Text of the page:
Leaders from across 60th Air Mobility Wing stationed at the Travis Air Force Base (Travis AFB) located in Solano County, California took part in a virtual reality (VR) suicide prevention training experiment last month.
The objective of the 30-minute training was to enhance Airmen’s comfort in engaging with others to prevent suicide by creating a virtual world and prompting the participants to interact with an individual who is in emotional distress using a VR headset.
The goal of the test was to evaluate if the participant can convince the distressed person to seek help through a combination of questions. A training coach accompanied the participants to ensure that they can ask the right questions.
Moth+Flame, a virtual reality developer, designed the technology used for the training. The company has previously worked with Netflix, Taylor Swift, Discovery, and more, and has now joined forces with the government and enterprise programs.
“We are excited and highly motivated to be the catalyst for this innovative suicide prevention program,” stated Brig. Gen. Norm West, Air Mobility Command Surgeon General. “The VR scenario is very realistic and this is the type of training we need to save lives in the real world. One life lost to suicide is too many”.
Air Mobility Command (AMC) is the foremost VR project by the Department of Defense (DoD) to employ immersive, conversational training for suicide prevention.
“We believe this training will not only save lives but prepare our Airmen for tough conversations that will build a more resilient force,” said Victor Jones, AMC Suicide Prevention Program Manager.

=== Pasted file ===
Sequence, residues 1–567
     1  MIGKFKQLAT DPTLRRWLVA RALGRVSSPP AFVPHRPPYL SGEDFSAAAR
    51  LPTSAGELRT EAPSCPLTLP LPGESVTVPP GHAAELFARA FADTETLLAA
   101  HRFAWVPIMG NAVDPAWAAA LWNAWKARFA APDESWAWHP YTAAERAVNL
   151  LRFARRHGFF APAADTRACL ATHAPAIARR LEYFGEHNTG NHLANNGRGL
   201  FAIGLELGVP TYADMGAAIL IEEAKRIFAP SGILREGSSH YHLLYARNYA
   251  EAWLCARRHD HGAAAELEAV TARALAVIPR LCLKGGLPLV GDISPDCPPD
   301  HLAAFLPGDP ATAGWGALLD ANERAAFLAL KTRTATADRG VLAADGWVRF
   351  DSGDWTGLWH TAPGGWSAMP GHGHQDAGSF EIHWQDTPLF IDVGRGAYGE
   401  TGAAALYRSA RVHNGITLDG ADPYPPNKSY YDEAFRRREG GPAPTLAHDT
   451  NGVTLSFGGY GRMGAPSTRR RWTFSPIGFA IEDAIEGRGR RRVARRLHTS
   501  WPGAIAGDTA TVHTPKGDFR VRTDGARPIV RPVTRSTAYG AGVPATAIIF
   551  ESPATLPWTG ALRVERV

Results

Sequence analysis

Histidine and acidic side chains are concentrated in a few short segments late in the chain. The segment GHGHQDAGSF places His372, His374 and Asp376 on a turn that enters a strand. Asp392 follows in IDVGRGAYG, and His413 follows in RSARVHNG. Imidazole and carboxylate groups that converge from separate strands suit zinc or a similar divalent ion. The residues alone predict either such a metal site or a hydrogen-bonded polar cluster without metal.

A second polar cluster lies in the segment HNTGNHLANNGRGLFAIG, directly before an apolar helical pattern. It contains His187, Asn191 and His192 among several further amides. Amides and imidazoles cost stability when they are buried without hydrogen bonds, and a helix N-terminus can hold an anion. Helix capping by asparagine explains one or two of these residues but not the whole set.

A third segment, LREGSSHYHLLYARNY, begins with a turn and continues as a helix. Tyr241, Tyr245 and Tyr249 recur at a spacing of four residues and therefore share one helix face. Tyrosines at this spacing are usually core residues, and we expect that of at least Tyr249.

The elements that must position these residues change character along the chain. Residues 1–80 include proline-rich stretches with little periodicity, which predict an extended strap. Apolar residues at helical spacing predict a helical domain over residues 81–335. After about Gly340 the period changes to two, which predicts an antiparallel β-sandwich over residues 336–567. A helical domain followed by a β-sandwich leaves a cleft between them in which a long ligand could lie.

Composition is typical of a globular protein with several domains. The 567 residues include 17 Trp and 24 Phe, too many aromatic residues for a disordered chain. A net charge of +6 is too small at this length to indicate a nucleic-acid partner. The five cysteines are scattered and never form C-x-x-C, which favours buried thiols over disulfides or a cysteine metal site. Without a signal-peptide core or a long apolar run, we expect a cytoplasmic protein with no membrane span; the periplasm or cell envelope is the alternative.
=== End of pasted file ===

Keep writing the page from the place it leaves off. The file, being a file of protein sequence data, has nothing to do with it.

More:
Master Sgt. Shawn Dougherty, a VR training facilitator, observed that the most common occurrence during the training which essentially is role-playing with fellow trainees, the participants hold back from saying their views out loud.
“The unique part of this VR training is that it’s voice-activated, so you’re required to say things out loud that maybe you’ve never had to say before,” said Dougherty. “Actually saying phrases to Airmen in distress like ‘do you have a gun in the house?’ … or ‘Are you thinking about harming yourself?’”
Lt. Col. Glenn Cameron, 60th Civil Engineering Squadron Commander, who leads one of the largest squadrons on base, stated, “It’s a pretty intense experience, to be honest. You actually see a bona fide actor who doesn’t feel like anything except a real human being talking to you, and he gives you real answers, and there’s an interaction that gives you an opportunity to see when you cheese it up, he calls you out.”
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